The attention has taken Heartsong Church members -- known as "partners" -- by surprise. "I am blown away by how big of a deal it is," said Darren Eade, who has been part of the congregation for three years. Eade’s background is pretty typical for the congregation. He's 32 and was an atheist until converting to Christianity three years ago. Many other church members grew up going to church but had become disenchanted with traditional religion before joining Heartsong.

On the Sunday before Memorial Day this year, Eade and a group of other congregants gathered in an upstairs room for an interview. The group members, most of whom were in shorts and flip-flops or sneakers, came from all walks of life: In the room were a marketing executive, an executive from Memphis-based FedEx, a blues musician, and a fitness instructor. All were drawn to Heartsong for its "come as you are" approach to religion.

Lee Raines, a blues musician, said he felt welcome in the church from day one. "Everyone accepts you," he said. "They don't hold any judgments against you." Beth Ewing, a director at FedEx, recounted how members of the church and mosque became friends.

It started with the sign. Mosque leaders had hoped their new building would fly under the radar and not get the kind of attention that mosques in other parts of the country have gotten. They wanted to mind their own business and worship in peace and quiet. But once they saw the sign, leaders from the mosque called Stone and asked if they could meet. That first meeting led to others. Leaders of the mosque invited church members to several programs, and gradually friendships developed between the two congregations.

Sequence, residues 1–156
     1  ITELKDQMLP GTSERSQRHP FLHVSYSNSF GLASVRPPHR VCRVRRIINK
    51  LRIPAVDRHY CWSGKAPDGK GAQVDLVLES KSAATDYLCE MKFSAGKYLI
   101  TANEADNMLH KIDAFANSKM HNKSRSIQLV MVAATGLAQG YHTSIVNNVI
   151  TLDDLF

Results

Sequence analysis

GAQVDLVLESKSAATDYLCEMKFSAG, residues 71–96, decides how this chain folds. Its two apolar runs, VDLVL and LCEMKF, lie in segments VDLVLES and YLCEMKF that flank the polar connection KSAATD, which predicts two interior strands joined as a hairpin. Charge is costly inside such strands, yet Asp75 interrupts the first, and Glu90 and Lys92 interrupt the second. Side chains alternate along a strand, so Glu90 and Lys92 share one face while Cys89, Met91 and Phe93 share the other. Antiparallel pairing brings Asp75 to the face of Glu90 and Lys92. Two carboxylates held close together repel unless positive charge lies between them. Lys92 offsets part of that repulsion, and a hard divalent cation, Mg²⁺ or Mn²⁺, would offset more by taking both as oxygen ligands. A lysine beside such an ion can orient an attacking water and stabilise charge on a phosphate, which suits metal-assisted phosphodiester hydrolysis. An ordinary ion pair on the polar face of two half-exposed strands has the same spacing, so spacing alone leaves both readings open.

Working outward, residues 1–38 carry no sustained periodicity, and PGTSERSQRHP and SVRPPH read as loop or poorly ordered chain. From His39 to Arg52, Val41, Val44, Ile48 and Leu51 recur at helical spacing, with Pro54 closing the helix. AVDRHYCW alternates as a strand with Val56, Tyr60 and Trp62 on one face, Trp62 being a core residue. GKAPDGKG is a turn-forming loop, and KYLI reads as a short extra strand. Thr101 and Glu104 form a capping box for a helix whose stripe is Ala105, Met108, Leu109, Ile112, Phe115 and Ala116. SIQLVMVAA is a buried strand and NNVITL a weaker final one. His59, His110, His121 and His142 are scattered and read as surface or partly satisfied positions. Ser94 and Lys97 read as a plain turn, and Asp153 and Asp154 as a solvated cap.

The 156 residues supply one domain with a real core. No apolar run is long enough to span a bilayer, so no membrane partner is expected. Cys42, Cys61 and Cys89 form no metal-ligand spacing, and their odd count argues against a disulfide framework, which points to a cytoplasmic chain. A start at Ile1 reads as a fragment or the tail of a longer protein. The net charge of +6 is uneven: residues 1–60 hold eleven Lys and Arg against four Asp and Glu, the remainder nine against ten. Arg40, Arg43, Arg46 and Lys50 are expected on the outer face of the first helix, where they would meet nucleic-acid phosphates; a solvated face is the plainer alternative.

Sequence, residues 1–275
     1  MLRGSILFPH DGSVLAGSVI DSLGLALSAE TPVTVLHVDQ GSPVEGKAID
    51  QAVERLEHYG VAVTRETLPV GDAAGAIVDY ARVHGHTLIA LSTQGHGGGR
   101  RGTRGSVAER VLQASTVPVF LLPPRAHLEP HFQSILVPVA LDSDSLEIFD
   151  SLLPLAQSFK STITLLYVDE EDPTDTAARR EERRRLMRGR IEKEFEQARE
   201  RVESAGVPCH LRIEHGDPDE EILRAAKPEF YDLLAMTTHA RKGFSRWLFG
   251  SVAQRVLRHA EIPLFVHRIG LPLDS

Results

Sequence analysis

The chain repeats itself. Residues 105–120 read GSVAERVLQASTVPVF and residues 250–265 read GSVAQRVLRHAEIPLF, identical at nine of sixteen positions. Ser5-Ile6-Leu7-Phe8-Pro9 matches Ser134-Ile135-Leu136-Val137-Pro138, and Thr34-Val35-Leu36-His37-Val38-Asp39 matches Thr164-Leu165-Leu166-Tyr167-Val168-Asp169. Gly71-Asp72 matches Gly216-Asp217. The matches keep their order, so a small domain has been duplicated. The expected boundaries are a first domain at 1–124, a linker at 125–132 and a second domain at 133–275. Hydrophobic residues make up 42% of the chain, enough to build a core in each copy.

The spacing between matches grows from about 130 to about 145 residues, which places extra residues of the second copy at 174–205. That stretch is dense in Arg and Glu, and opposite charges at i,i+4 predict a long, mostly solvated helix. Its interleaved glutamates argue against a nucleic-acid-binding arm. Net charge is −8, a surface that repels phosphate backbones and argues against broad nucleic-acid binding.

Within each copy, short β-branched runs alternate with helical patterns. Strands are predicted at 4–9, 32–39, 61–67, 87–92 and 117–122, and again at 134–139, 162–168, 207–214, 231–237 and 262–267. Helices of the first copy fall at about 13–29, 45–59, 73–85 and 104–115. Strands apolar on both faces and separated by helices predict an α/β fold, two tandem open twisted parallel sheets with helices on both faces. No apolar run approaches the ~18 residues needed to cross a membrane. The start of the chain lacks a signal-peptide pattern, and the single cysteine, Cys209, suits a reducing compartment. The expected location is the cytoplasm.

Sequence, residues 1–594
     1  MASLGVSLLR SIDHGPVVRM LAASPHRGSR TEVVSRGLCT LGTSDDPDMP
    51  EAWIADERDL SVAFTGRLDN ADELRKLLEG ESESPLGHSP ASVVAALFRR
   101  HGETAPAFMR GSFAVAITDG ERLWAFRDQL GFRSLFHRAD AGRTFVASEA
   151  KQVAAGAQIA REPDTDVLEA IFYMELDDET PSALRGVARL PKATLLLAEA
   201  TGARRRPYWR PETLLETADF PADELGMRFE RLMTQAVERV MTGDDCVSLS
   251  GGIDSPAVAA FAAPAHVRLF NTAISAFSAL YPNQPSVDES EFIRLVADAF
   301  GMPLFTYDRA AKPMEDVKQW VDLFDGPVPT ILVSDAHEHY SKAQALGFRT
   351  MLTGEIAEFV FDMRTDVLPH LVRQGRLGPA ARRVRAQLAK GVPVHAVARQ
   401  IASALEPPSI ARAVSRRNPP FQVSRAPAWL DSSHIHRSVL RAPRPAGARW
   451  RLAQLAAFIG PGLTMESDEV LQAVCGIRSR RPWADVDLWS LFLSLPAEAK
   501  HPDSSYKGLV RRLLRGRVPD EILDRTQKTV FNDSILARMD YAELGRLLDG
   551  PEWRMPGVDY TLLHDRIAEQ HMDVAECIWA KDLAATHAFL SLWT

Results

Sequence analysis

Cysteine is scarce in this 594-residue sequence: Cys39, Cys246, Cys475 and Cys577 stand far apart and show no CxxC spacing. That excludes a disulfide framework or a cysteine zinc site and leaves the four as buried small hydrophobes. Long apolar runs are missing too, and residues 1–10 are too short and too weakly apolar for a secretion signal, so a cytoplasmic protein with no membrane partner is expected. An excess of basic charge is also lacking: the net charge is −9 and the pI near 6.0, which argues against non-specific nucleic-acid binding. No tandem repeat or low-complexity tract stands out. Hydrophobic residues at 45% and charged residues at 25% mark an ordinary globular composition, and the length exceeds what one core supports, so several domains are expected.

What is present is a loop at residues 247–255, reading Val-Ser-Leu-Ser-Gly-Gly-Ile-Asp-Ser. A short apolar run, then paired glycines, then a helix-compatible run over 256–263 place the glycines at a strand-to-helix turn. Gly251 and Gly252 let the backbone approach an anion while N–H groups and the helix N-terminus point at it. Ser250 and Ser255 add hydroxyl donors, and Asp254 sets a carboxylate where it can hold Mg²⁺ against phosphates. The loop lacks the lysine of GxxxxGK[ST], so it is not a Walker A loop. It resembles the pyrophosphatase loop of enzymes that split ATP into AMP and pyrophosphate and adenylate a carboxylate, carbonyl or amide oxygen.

During a meeting in the summer of 2010, mosque leaders posed a question. Construction was going slowly at the Islamic Center, and they were concerned that the building would not be ready in time for Ramadan; would the church allow them to hold prayers in their building?

"We were hoping to use a classroom or one of the rooms for the children's program," said Dr. Bashar Shala, a cardiologist at the Memphis Heart Clinic and a member of the Islamic Center’s board of trustees. Instead, church leaders offered the use of the main auditorium at the church -- a multipurpose room that looks like a cross between a barn and big-box store. On Sundays, church members set up stacking chairs for the 600 or so people who worship there. The rest of the week the room is used for other activities, including an exercise class.